Moscow (CNN) - Three frontline health care workers have mysteriously fallen out of hospital windows in Russia over the past two weeks, heightening public attention to the working conditions for doctors and medical professionals amid the coronavirus pandemic.
Two of those health care workers are dead, and one remains hospitalized.
All three incidents, which are being investigated by Russian law enforcement authorities, have prompted intense discussion in the Russian press and on social media.
Alexander Shulepov, an ambulance doctor in Voronezh, a city about 320 miles south of Moscow, is in serious condition after falling from a hospital window on Saturday. Local state television, citing regional health officials, said he fell out of second-floor window of the Novousmanskaya hospital, where he worked and was receiving treatment after testing positive for coronavirus.
Shulepov was hospitalized for coronavirus on April 22, the same day he and his colleague Alexander Kosyakin posted a video online saying that Shulepov had been forced to continue working after testing positive for coronavirus.
Kosyakin had previously criticized hospital administration for protective gear shortages on his social media and was questioned by the police for allegedly spreading fake news.
Kosyakin confirmed these details to CNN in an interview.
"[Shulepov] is an intensive care unit, as far as I know in a serious condition, last time I spoke to him was on the 30th of April, we checked in with each other," Kosyakin told CNN. "He felt fine, he was getting ready to get discharged from the hospital ... and all of a sudden this happened, it's not clear why and what for, so many questions that I don't even have the answer to."
The regional department of Russia's health ministry told CNN in a statement that Shulepov "is a victim of an accident due to his own lack of caution" and is receiving all necessary medical care.
Police have not responded to CNN's request for comment.
The Novousmanskaya hospital said in a statement that Shulepov had been taken off a shift as soon as he informed the hospital administration about his positive diagnosis and was offered hospitalization in the infectious diseases ward.
Three days later, Shulepov retracted his previous statements, saying that in his video with Kosyakin he was "overwhelmed by emotions." The second video Shulepov recorded featured Igor Potanin, the head doctor of the Novousmanskaya hospital, who said his medical staff has enough protective equipment.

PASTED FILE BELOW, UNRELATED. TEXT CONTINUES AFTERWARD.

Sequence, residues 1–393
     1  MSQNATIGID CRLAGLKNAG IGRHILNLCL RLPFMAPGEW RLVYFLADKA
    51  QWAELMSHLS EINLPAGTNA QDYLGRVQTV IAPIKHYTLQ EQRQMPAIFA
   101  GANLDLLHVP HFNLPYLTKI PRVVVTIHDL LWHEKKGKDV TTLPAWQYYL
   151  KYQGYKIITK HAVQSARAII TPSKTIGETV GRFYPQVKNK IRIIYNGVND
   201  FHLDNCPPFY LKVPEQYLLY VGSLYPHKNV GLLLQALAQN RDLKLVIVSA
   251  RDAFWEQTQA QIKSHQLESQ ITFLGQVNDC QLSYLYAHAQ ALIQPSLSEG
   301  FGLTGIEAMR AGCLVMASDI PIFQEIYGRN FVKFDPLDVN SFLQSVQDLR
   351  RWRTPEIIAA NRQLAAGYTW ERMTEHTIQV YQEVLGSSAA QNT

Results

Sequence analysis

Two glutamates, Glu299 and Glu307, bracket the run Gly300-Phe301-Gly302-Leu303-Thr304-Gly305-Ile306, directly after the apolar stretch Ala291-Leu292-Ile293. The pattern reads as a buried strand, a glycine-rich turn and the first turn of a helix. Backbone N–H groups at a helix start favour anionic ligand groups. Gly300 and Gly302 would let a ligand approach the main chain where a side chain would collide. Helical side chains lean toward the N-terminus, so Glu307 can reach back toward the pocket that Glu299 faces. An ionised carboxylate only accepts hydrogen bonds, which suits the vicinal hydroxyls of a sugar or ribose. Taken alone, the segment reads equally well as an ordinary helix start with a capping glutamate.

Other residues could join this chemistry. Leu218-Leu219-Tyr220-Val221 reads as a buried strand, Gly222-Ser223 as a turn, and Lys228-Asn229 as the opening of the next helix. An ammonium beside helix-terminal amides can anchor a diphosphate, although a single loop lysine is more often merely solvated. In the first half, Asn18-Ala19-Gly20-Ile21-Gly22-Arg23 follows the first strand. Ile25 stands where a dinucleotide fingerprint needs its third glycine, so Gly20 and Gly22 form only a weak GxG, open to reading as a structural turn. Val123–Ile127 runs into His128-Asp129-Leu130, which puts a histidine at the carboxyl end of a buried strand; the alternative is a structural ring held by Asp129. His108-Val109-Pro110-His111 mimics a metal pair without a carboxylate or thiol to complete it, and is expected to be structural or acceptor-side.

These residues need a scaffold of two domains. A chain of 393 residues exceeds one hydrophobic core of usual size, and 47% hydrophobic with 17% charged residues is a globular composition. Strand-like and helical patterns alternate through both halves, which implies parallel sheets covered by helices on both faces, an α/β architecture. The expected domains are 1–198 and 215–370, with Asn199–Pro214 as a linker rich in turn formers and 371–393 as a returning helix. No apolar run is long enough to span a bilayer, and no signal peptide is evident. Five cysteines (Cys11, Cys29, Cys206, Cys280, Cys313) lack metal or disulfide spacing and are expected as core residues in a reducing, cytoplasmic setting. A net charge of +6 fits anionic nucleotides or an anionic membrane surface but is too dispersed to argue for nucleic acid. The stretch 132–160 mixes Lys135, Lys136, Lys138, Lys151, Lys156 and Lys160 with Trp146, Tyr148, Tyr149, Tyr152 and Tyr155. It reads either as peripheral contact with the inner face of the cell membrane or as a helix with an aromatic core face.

"I spoke about this to the department's employees: I won't let anyone go to outpatients or inpatients if we don't have enough means of protection, I told them I'd go myself there, but I will not send anyone," Potanin said.
It is rare for doctors to fall from windows in Russia, but Shulepov was the third health worker to fall out of a window in the country in the past two weeks.
On May 1, Elena Nepomnyashchaya, the acting head doctor of a hospital in the Siberian city of Krasnoyarsk, died after spending a week in intensive care, the regional department of the Health Ministry said in a statement.
Local TV station TVK Krasnoyarsk reported at the time that Nepomnyashchaya allegedly fell out of a window during a meeting with regional health officials, during which they discussed turning the clinic into a coronavirus facility.
Nepomnyashchaya was reported to have opposed those changes due to the lack of protective gear in the hospital. The Health Ministry's regional health department denied the allegations in a statement, adding that the hospital is in "reserve" for coronavirus patients and its staff has been trained and equipped. The hospital did not respond to CNN's requests for comment.
On April 24, Natalya Lebedeva, head of the emergency medical service at Star City, the main training base for Russia's cosmonauts, died in a hospital after a fall.
The hospital within the Federal Biomedical Agency, which says it treated her for suspected coronavirus, released a statement that "a tragic accident" occurred, without elaborating. The hospital did not respond to CNN's request for comment.
In the statement, the hospital said, "She was a true professional in her field, saving human lives every day!"
Anastasia Vasilyeva, the head of Alliance of Doctors union, told CNN she did not think anyone was deliberately targeting doctors. The incidents, she said, likely reflect the stress doctors are under in an underfunded system during a pandemic.
"This is really about the destruction of our health care system," said Vasilyeva, who has been a prominent critic of the government's approach to combating coronavirus. "A lot of clinics and hospitals have been closed ... And, of course, this means it is very difficult to treat in such conditions a lot of patients with coronavirus."
This story has been updated.
CNN's Matthew Chance contributed to this report.